19. In Union of India and another vs. Central Electrical and Mechanical Engineering Service Group A (Direct Recruits) Association, CPWD and others AIR 2008 SC 3, the Hon’ble Supreme Court held that executive instructions can only fill in gaps not covered by Rules, but the same cannot be in derogation of statutory rules.
20. In Sant Ram Sharma vs. State of Rajasthan and others AIR 1967 SC 1910, the Constitution Bench of Hon’ble Supreme Court held that even in absence of statutory rules governing promotions framed by the Government it can always issue administrative instructions regarding the principles to be followed.
21. In Sitaram Jivyabhai Gavali vs. Ramjibhai Potiyabhai Mahala and others (1987) 2 SCC 262, it was held by the Hon’ble Supreme Court that new conditions of service can always be introduced by executive order which remain operative till its express or implied repeal by a subsequent order or regulation or statute.
22. In State of Sikkim vs. Dorjee Tshering Bhutia and others (1991) 4 SCC 243, the Hon’ble Supreme Court observed that where the statutory provision of the rule is unworkable and inoperative for the time being due to any reasons, in that event, power under Article 162 can always be invoked and exercised by the State Government.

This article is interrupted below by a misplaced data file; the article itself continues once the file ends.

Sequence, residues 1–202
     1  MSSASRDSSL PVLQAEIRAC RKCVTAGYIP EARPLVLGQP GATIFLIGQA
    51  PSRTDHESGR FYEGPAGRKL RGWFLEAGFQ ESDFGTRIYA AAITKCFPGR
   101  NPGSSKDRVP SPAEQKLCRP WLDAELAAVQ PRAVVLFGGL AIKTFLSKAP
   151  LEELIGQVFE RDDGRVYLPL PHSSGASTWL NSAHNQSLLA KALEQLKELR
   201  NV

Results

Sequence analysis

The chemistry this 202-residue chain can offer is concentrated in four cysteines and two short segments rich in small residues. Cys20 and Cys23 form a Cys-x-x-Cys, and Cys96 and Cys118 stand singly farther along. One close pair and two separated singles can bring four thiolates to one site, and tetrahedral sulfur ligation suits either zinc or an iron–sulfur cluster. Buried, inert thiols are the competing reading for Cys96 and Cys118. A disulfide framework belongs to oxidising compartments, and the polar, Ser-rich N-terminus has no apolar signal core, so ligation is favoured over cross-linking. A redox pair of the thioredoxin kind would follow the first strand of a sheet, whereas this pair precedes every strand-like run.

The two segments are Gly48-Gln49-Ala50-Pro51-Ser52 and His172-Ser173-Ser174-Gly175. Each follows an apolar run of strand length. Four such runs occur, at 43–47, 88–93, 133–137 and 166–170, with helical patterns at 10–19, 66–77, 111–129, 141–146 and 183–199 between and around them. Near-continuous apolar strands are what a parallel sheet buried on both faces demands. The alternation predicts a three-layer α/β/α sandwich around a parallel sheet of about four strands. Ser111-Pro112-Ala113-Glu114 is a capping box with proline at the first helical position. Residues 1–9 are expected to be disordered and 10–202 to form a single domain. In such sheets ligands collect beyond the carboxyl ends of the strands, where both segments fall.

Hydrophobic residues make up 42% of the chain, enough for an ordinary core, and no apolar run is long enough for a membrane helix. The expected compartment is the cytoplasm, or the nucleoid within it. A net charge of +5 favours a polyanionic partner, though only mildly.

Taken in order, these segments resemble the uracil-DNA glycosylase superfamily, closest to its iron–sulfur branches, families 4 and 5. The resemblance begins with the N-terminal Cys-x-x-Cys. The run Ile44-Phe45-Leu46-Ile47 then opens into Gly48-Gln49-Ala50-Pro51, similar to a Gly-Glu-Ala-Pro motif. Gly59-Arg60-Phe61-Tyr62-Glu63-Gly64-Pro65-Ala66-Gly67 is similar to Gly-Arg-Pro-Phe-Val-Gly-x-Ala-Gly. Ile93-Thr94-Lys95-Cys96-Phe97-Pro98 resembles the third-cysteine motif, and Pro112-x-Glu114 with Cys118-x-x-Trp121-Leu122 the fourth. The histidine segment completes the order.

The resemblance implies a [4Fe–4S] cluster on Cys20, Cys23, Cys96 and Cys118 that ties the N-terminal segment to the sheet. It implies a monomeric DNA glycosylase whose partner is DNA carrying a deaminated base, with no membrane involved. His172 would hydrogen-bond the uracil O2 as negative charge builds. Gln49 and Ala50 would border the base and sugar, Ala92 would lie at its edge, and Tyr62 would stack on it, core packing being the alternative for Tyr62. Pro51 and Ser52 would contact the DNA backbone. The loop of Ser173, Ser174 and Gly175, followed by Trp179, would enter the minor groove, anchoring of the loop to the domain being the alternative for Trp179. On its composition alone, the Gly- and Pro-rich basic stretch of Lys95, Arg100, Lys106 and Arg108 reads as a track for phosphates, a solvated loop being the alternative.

23. In Chandigarh Administration through the Director Public Instructions (Colleges), Chandigarh vs. Usha Kheterpal Waie and others (2011) 9 SCC 645, the Hon’ble Supreme Court observed that even in absence of valid rules, executive instructions can always be issued by the Government.
CONCLUSION: 
24. From the conspectus of the case law indicated above, the following broad principles are clearly discernable: 
(i) The executive instructions cannot override the statutory provisions.
(ii) If there is a statutory Rule or an Act on the matter, the executive must abide by the Act or Rule and it cannot in exercise of its executive powers ignore or act contrary to the Rule or Act.
(iii) The State cannot amend or supersede the statutory Rules or add something therein by administrative instruction, but if the Rules are silent on any particular point, the State can fill-up the gap and supplement the rule and issue instructions not inconsistent with the Rules already framed.
(iv) The State cannot issue orders/office memorandum/ executive instructions in contravention of the statutory Rules. However, instructions can be issued only to supplement the statutory rules but not to supplant it. Such instructions should be subservient to the statutory provisions.
(v) The executive instructions are binding, provided the same are issued to fill up the gap between the statutory provisions and are not inconsistent with the said provisions.
(vi) The administrative instructions are not statutory rules nor do have any force of law, whereas the statutory rules have the force of law.